It is typically one of four things: either there is an issue with the router, the ISP is using dynamic IP addresses, the router is overheating, or there is overcrowding/interference with the signal.
It has happened to all of us. We’re in the middle of an action-packed movie scene, trying to submit an assignment 5 minutes before the deadline, or are bracing for a critical penalty kick when everything on the screen freezes! That little yellow icon (for a Windows desktop operating systems) says ‘No internet access’ and we feel the chill of doom!
Unless there is some catastrophic failure with the infrastructure setup of your ISP (internet service provider), there is an intuitive fix that we generally try that often works! We head for the router, check the bleeping light on the router, unplug it or switch off the button. We wait a few excruciating seconds and then re-plug it back or switch on the button again. Despite missing those crucial moments of an action-packed movie scene or a high-voltage penalty shootout, you’re at least back online, but why on Earth does it happen in the first place? Particularly when you can’t afford to miss the moment! To alleviate some of that frustration, let’s try to understand some of the science behind Internet disconnection.
Recommended Video for you:
Complexity Inside The Router
Although the router may appear to be just a simple box helping you access the Internet, the electronics inside the router are complex. Just like a normal computer, routers have their own CPU, memory, main PCB board, input-output devices, and operating system. All of these things help in managing the data traffic, but these components can get overloaded. Just like you can make your laptop slow down by opening multiple tab browsers, streaming 4K video and playing high-intensity games at the same time, pushing tons of data through multiple devices can similarly impede your router—sometimes causing it to grind to a screeching halt.
Complicating the matter even further is that most of the ISPs use what are called dynamic IP addresses. IP addresses are internet protocol, which is like a street address to help the traffic on the internet find your device. ISPs only assign these IP addresses to the devices for a certain period of time. When this period expires, your ISP will assign you a new address. This is the concept of dynamic IPs. Sometimes, due to high data traffic, your router might not be able to connect the new IP address and will continue to look out for the old one, which has already expired. This is tantamount to receiving a parcel to your old apartment, despite having updated the new address!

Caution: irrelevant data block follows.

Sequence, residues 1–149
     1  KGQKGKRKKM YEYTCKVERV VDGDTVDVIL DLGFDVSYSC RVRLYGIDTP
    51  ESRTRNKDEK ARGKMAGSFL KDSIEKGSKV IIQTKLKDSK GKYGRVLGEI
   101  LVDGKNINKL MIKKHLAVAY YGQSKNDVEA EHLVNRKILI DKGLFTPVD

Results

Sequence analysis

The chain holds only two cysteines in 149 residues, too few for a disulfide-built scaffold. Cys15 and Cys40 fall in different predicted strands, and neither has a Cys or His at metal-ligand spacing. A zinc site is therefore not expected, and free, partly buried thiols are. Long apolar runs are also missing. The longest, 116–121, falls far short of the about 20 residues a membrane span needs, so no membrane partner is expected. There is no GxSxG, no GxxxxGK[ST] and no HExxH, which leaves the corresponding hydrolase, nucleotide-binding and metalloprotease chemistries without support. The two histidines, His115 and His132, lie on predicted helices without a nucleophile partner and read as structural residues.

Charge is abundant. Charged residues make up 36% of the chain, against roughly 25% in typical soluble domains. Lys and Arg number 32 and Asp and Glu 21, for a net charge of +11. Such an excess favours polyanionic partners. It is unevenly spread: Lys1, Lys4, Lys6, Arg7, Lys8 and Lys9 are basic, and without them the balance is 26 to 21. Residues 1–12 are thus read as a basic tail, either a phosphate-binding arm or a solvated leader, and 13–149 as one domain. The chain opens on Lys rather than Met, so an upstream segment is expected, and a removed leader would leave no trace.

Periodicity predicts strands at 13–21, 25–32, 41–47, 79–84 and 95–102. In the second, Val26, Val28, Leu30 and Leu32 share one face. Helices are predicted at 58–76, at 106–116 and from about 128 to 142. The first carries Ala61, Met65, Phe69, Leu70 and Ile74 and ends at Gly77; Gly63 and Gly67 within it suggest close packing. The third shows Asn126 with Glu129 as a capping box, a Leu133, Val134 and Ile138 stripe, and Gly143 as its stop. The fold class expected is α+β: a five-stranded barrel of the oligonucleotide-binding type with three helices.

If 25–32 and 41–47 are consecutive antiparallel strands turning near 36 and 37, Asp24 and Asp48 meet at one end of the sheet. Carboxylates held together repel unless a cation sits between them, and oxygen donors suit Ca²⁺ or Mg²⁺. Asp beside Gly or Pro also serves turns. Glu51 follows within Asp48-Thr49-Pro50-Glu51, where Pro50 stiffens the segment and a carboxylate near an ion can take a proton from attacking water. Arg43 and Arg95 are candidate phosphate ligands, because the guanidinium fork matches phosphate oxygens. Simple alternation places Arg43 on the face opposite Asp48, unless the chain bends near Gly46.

Cramped Ventilation And Overheating
Just like any other electronic device, routers are susceptible to heat and their performance decreases when they become overheated. Your router might get overheated if it’s shoved in a cramped corner with the ventilation holes blocked by cables and other stuff in the vicinity. Also, if you don’t clean your router regularly, a lot of dust gathering on it might also block the ventilation holes of the router. Basically, your router needs to breathe to work properly. Make sure it’s not placed in a cramped corner that is overstuffed with cables and other accessories on every side.
Overcrowding And Interference
There are certain issues that aren’t necessarily caused by router malfunction. Most home internet connections are on Wi-Fi these days, which essentially operates on airwaves. These airwaves sometimes get overcrowded, especially if Wi-Fi is operating on the common 2.4 GHz frequency band, where noise comes from common household appliances, such as microwave ovens, baby monitors and even signals from other nearby routers. Signals on the same frequency can overlap with each other (called interference), making it difficult for your receiving devices (mobile device or computer) to hear what your router is trying to say (communicate) through the airwaves.
If this is the case, you can go to your router settings and change the channel, or simply try switching from 2.4 GHz to a 5 GHz band, provided your router supports that particular bandwidth.
The problem of poor internet connectivity sometimes lies in a buggy software, application or extension.
Running on an obsolete software or a driver can sometimes lead to hiccups in Internet connectivity. Thus, you should make sure that the device you’re using is running on the latest version of the operating system. Sometimes uninstalling and reinstalling Wi-Fi drivers can fix Internet issues.
Interestingly, simply switching browsers may sometimes fix the Internet issue if the problem is not in the router’s hardware or due to airwave interference. This is because many times an extension, plugin or browser bug can choke your Internet access. One way is to switch to a different browser or try incognito mode to check if the Internet resumes working.
Also, if you’re using VPN (virtual private networks) to access blocked torrent sites, it can also mess up your connectivity. If you can access the Internet on other devices properly, or even on other browsers, a VPN plugin is likely to be the culprit for disrupting your smooth Internet connectivity.